A Long-Distance Romance?

A frequent observation on this page is that inadequate availability of cinemas/screens in our country is among the key factors inhibiting the Indian film market from achieving its inherent potential.

That is true not only in absolute terms given the massive size of our population, but also compounded by the very uneven distribution of exhibition platforms i.e. over-supply in a few areas where many properties are clustered together, while large regions have few, if any, outlets to indulge their desire to watch a film.

In the past, we have explored screen density in India from the perspective of per capita availability, as also comparisons with other major markets like North America, China and the European Union. This week, we are looking at another very important variable that is pertinent to this discussion – distance.

On average, how far does one have to travel to watch a film in different regions of our vast country, the seventh-largest in the world? And considering that a day at the movies has increasingly become a social outing combined with a meal out or shopping, we are taking the study a step further to map average distances between multiplex properties, which is typically where these social excursions take place.

Take a look at the table below:

StateArea (Square KM)Number Of TheatresAverage Area Served Per Theatre (Square KM)Average Distance Between Theatres
(Kilometers)
Number of MultiplexesAverage Area Served Per Multiplex
(Square KM)
Average Distance Between Multiplexes (Kilometers)
Rajasthan342,2391252737523210694103
Madhya Pradesh308,24520015413937833091
Maharashtra307,71378039420137224647
Andhra Pradesh*277,80827801001039712384
Uttar Pradesh240,9288003011788273752
Jammu and Kashmir222,2362210101100374078272
Gujarat196,0243455682366297054
Karnataka191,7919002131542456668
Odisha155,707143108833351902228
Chhattisgarh135,19146293854915021123
Tamil Nadu130,058150086924541974
Bihar94,16326036219331387177
West Bengal88,7524002211526341359
Arunachal Pradesh83,7431837432890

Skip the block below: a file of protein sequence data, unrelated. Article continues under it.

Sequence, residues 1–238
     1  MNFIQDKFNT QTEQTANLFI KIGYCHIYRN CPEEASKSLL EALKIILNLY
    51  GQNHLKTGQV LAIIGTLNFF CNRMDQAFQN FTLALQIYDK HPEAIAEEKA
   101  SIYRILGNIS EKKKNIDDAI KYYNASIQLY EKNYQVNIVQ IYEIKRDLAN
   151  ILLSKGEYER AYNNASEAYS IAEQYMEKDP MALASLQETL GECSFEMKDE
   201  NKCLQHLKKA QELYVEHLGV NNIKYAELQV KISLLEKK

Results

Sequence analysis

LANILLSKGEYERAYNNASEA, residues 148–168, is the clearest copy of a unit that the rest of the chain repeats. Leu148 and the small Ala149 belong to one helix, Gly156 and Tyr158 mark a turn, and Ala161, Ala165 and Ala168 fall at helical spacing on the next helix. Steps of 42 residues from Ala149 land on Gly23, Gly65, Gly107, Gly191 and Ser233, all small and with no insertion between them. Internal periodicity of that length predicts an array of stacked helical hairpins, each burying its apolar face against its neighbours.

Jharkhand79,714621285369885794
Assam78,4388098031515687125
Himachal Pradesh55,67310556775155673235
Uttarakhand53,483461162347764087
Punjab^50,3621054792235143838
Haryana^44,21286514234990230
Kerala38,86370055711353359
Meghalaya22,42973204570  
Manipur22,327102232470  
Mizoram21,081102108460  
Nagaland16,57944144640  
Tripura10,486110486102110486102
Sikkim7,09623548600  
Goa3,70212308172185143
Delhi1488018442356
All-India3,287,240954434419644510471

 

*Undivided Andhra Pradesh (including modern-day Telangana state)

^Properties in Chandigarh, shared capital of Punjab and Haryana, considered in counts of both states, but only once in national tally 

All figures rounded off to the nearest kilometer/square kilometer

The way to read this table is: India’s largest state, Rajasthan, has 125 theatres spread over an area of around 340,000 square kilometers. That translates into each theatre, on average, serving a catchment area of over 2,700 square kilometers. Were all of these properties evenly spread, you would have to travel 52 kilometers after exiting one theatre before you came across another – a figure arrived at by calculating the square root of the area numbers. In terms of multiplexes, the state’s 32 multiplexes serve an area of almost 10,700 square kilometers each, for an average distance of 103 kilometers between such properties.

In other words, if you are in Rajasthan and want to watch a film (God bless you for that!) but adamant that you do so only in a multiplex, you better hope that tickets at your closest chain haven’t been sold out because it would be a 100kilometer trek to the next property! As is evident from the data above, Rajasthan is by no means the least screen-dense region. In states like Jammu & Kashmir, Himachal Pradesh and Odisha, the average distance between multiplexes is in excess of 225 kilometers. To put that in perspective, it is a shorter journey for a Mumbaikar to go for a darshan to Shirdi than someone in those above states to pay obeisance to their screen idols!    

That’s not even the worst for it. Entire states, not surprisingly in the oft-neglected North-East region of our country, are without a single multiplex, including Arunachal Pradesh, Meghalaya, Manipur, Mizoram and Nagaland.

It is obvious that at a time when our audience has multiple options to keep them entertained – at home and literally in the palm of their hands – convenient proximity to a cinema hall is the most basic encouragement we can offer those willing to buy a film ticket, after all, distance – like absence, may make the heart grow fonder… but too much distance, and the heart begins to wander!

Nitin Tej Ahuja
Collection Chart
As on 16th September, 2017
FilmsWeekWeeklyTotal
Poster Boys110.31Cr10.31Cr
Daddy15.86Cr5.86Cr
The Rally11.54Lk1.54Lk
Sameer12.86Lk2.86Lk
Mr. Kabaadi11.61Lk1.61Lk
IT*112.16Cr12.16Cr
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